Should Tanning Salons Be Treated Like Cigarettes?

Regulators are proposing strict restrictions on the marketing of tanning salons to younger customers, saying they are a public health concern on the level of cigarettes. Nir Elias/Reuters

Tanning salons are already under siege: They got taxed by the health law, are newly regulated by the federal government, and states and have become dermatologists' favorite bad guy.

But some policymakers say that's not enough. Pointing to rising skin cancer rates and increased marketing toward young people, these public health advocates want new national restrictions regarding who can get their indoor tan on.

"It's time we started treating [tanning beds] just like they are cigarettes. They are carcinogen-delivery systems," said U.S. Representative Rosa DeLauro (D-Conn.) at a May 20 Capitol Hill briefing on the dangers of indoor tanning. "We do not allow our children to buy cigarettes, yet the tanning industry continues to target adolescent girls. And this is not unlike what we found with the tobacco industry."

Experts at the briefing said young women may have vague ideas about the associated risks, but tanning beds are widely available at such low costs that their use is still widespread and contributing to the escalating prevalence of melanoma, the deadliest form of skin cancer. Melanoma rates among young white women have grown by 3 percent every year since 1992.

In response, DeLauro is pushing for a national ban on the use of tanning beds by minors younger than 18.

Melanoma is the most common form of cancer among people between 25 and 29, according to the National Cancer Institute. Just one indoor tanning session increases users' chances of developing melanoma by 20 percent, compared with that of someone who has never tanned indoors.

Each additional session during the same year boosts that risk by another 2 percent, according to the Skin Cancer Foundation. And people who use tanning beds 10 or more times in their lifetime have a 34 percent increased chance of melanoma, compared with people who have never had that exposure.

The industry minimizes these findings, though, and maintains that the science behind the numbers isn't solely focused on indoor tanning-bed outcomes. "The numbers that they have used to rationalize the [public health] decisions are not studies that isolate indoor tanning salons," said Joe Levy, scientific adviser for the American Suntanning Association, the trade group representing tanning salons. They include categories like home-use and medical-use tanning, which both drive up the statistics, he added.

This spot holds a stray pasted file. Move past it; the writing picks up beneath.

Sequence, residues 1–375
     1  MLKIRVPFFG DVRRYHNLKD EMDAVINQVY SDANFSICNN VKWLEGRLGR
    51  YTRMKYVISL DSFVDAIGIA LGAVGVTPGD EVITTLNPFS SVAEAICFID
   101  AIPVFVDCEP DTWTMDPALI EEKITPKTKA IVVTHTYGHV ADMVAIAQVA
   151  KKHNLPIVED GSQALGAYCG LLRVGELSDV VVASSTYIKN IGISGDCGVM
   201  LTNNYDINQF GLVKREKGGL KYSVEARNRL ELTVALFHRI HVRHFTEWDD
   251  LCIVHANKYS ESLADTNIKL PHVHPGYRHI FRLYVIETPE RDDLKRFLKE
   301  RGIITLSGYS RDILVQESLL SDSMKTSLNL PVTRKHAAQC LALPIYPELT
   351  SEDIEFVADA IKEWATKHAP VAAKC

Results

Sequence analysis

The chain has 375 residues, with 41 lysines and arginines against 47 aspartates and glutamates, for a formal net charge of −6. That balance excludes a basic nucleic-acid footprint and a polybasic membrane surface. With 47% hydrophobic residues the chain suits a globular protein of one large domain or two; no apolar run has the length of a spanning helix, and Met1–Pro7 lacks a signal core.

Still, in response to these and other warning signals, the Food and Drug Administration last year mandated that tanning beds have clear labels informing customers of the risks. Medical groups, including the American Academy of Dermatology, have for years targeted the use of tanning beds. And 43 states already have laws that either ban tanning bed use by young people or require parental signatures.

Yet public health advocates say the availability of tanning beds near college campuses and marketing toward young people continue to go unchecked.

A 2014 study of 125 top colleges found that 48 percent had tanning facilities either on campus or in off-campus housing, and 14.4 percent allowed campus cash cards to be used for indoor tanning. Off-campus-housing buildings often list tanning beds among the amenities, like cable TV and fitness centers.

Although it was not included in this research, there have been questions about the supervision that ensures students who use the tanning beds are older than 18, according to Sherry Pagoto, an associate professor of medicine at the University of Massachusetts Medical School, who spoke at the briefing.

"They're [indoor tanning companies] finding young women in these settings and locating themselves near schools," Pagoto said. She noted that companies like Sun Tan City, with 250 salons mostly in Mid-Atlantic and Midwest states, give money to sponsor football games, expand stadiums and provide free tanning to cheerleaders. "They're finding ways to become part of university life, one way or another."

Lisa McGovern, executive director of the Prevent Cancer Foundation's Congressional Families program, said her group is working on a grass-roots campaign to reverse this trend by persuading colleges to not allow students to pay for tanning with college debit cards. The University of Pittsburgh and University of Illinois have already agreed.

"If we keep up that pressure, others will follow," DeLauro said, noting that parents should know if free tanning facilities are offered to their children in college, and if a university is allowing students to pay for tanning with those cards.

Lisa Gillespie reports on federal and state policies regarding Medicare and Medicaid for Kaiser Health News (KHN), a nonprofit national health policy news service. This article first appeared on the KHN site.

Should Tanning Salons Be Treated Like Cigarettes? | Opinion